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Thursday, March 28, 2024

The יהי רצוןs that follow Torah Reading when Tachanun is Cancelled for a Bris or a Baal Bris

 Being a mohel and also a rabbi of a shul, it happens often enough that I am able to daven in shul in the morning when I have a bris later in the day. I’ve written about this here:

On Mondays and Thursdays, this presents us with a dilemma. While “everyone knows” that the presence of a Baal Bris cancels Tachanun, (see the last 4 paragraphs in the link to the left/above line), many also know that the יהי רצוןs recited as the Torah is being rolled up on Mondays and Thursday are also connected to the saying of Tachanun. The general rule is “when we don’t say Tachanun, we don’t say the יהי רצוןs” (See the Levush on Orach Chaim 429:2, and Ateres Zekenim also 429:2).

For many years now, whenever this circumstance happens – there is a mohel present (me) who has a Bris later in the day, but the Bris is not taking place here – I have announced “If the DAY cancels Tachanun, then the DAY cancels the יהי רצון. If an EVENT cancels Tachanun, then we still say the יהי רצוןs.”

Over the years I have gotten minimal backlash over this pronouncement, but a few people have asked me for the “Lomdus” behind it. I will admit there isn’t great “Lomdus” behind it, but as I feel there is merit to the argument, and a reasonable svara (thought process behind it), I now present it all here.

The main “events” which cancel Tachanun are either Bris-related, the presence of a חתן / groom (either on the day of his wedding, or during Sheva Brachos), or in the house of mourning. Anything else is tied to the calendar, and is therefore not our discussion. [See the פרי מגדים/משבצות זהב at the end of סימן קלא, after אות ט"ו. Where he begins ואבאר קצת, explaining certain general rules of Tachanun and when it is skipped on account of the calendar.]

The ShaKH in Yoreh Deah 265

Most of the discussions surrounding omitting Tachanun don’t really mention the יהי רצוןs. All the sources I have found that discuss the יהי רצוןs point to the ש"ך יו"ד רס"ה אות כד in the laws of Bris Milah. There, the Shulchan Arukh writes that when a Milah falls out on a fast day, we say וידוי וסליחות, but not והוא רחום ונפילת אפים, the latter two being the ways in which the longer (Monday/Thursday) and shorter (daily) versions of Tachanun are referenced in some Halakhic works.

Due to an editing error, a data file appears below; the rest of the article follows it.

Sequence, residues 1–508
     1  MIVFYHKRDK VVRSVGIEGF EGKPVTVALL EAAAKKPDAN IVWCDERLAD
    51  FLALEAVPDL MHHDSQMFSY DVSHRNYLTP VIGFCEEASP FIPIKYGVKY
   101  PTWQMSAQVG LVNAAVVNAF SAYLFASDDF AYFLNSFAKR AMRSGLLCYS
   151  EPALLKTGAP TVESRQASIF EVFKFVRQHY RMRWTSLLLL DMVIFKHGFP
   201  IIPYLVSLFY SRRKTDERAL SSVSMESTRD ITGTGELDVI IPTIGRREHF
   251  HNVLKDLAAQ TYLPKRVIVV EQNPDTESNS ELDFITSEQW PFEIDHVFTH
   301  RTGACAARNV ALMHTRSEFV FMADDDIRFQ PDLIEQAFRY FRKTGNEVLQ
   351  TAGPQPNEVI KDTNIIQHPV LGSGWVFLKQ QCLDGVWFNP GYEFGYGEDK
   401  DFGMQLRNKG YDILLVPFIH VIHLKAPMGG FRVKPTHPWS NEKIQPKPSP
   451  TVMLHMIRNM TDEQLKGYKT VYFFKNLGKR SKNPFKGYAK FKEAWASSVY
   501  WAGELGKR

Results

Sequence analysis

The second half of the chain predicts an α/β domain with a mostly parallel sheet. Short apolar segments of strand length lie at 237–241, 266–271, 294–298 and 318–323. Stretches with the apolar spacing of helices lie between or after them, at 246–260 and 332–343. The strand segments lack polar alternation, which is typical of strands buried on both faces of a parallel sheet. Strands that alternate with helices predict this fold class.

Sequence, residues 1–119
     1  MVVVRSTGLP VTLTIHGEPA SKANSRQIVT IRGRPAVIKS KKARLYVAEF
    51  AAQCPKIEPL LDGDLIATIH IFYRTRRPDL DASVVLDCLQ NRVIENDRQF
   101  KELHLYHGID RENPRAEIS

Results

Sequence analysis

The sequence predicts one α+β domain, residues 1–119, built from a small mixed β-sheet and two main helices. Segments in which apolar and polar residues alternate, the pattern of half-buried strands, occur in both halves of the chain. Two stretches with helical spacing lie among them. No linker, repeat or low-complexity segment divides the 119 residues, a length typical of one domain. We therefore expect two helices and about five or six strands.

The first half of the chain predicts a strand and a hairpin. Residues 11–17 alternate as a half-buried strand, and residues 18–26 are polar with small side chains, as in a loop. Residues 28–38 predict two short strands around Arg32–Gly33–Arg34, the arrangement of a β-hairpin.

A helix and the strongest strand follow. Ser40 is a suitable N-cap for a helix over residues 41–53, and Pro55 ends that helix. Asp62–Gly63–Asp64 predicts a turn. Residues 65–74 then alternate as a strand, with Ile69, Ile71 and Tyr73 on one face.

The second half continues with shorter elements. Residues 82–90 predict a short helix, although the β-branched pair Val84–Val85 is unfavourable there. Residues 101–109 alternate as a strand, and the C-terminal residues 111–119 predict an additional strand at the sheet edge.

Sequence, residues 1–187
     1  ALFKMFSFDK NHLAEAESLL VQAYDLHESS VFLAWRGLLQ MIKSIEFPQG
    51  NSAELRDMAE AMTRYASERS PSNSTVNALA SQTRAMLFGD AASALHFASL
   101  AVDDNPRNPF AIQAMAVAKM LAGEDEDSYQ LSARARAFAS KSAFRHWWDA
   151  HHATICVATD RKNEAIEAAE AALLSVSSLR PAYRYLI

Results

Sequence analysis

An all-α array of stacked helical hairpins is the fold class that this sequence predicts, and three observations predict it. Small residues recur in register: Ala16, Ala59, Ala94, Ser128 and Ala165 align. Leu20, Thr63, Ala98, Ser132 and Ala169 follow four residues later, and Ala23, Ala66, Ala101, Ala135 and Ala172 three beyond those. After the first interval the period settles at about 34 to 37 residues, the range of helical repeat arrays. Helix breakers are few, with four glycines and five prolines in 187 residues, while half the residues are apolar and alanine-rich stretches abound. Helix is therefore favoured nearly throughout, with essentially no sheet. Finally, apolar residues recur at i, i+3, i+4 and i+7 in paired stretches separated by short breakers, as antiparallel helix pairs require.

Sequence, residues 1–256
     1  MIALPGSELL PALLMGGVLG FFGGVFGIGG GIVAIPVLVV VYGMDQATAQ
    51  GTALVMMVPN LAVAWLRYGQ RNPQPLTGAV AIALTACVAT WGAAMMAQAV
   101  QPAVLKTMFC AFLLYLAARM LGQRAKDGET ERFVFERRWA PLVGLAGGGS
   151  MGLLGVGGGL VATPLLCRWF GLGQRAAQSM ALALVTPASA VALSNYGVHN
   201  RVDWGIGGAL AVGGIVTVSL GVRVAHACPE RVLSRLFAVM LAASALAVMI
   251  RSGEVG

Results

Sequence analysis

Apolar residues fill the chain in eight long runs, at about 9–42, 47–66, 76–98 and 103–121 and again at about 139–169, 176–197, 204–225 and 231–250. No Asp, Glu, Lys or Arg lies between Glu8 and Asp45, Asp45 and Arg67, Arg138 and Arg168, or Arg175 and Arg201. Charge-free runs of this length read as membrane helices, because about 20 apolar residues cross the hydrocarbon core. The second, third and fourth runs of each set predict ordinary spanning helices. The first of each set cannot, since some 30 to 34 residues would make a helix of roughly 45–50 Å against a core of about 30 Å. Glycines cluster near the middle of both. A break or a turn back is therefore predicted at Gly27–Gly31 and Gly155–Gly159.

The Shakh writes:

ש"ך יורה דעה סימן רסה

כד מתפללים סליחות כו'. כתוב במנהגים סי' קל"ז ואם יש מילה בין כסה לעשור אומר זכור ברית דמילה ואל תפר בהשכמה וצ"ל גם פזמון יה איום ואומר אבינו מלכנו ואין אומר והוא רחום ותחנון גם בצום גדליה במילה אבל אומר אא"א ולמנצח ע"כ ובמנהג עשרה בטבת סי' ל"ט כתב ואומר זכור ברית דמילה ופזמונו כדפרישית לעיל ע"כ וכתב בהגהות שם וכן בכל תענית צבור אבל למנצח אומר משום צערא דינוקא ואין אומר יהי רצון אחר קריאת התורה ואם היו ב' בתי כנסיות בעיר באותו שאין מלין אומרים תחנון והכי נהוג וכן אין אומרים פיוטים של מילה באותו בית הכנסת שאין מלין בו, מכתבי מהר"א ע"כ וכ"כ בתשו' ר"מ מינץ סי' מ"ג דאומרים למנצח משום צערא דינוקא וכן הוא במהרי"ל וכן נוהגים ודלא כהאבודרהם שכ' גם אין אומרים יענך ה' ביום צרה מפני שהוא יום שמחה לאבי הבן ולא יום צרה וכ"כ בכל בו וגם אין אומרים למנצח מפני שיום המילה יום שמחה הוא על קיום המצוה ע"כ ואין נוהגין כן במדינות אלו ונראה דמקומות מקומות יש וכ"כ ברוקח ס"ס ק"ח במגנצ"א אומרים יענך ביום המילה שיש בו ט' פסוקים כט' חדשי העיבור כדאיתא בשוחר טוב ובווירמייש"א אין אומרים יענך ע"כ: כתוב בהגהות מנהגים שמלין קודם עלינו לשבח וכן המנהג, עוד נהגו שלא לחלוץ התפילין עד אחר המילה משום שהתפילין הם אות והמילה ג"כ אות: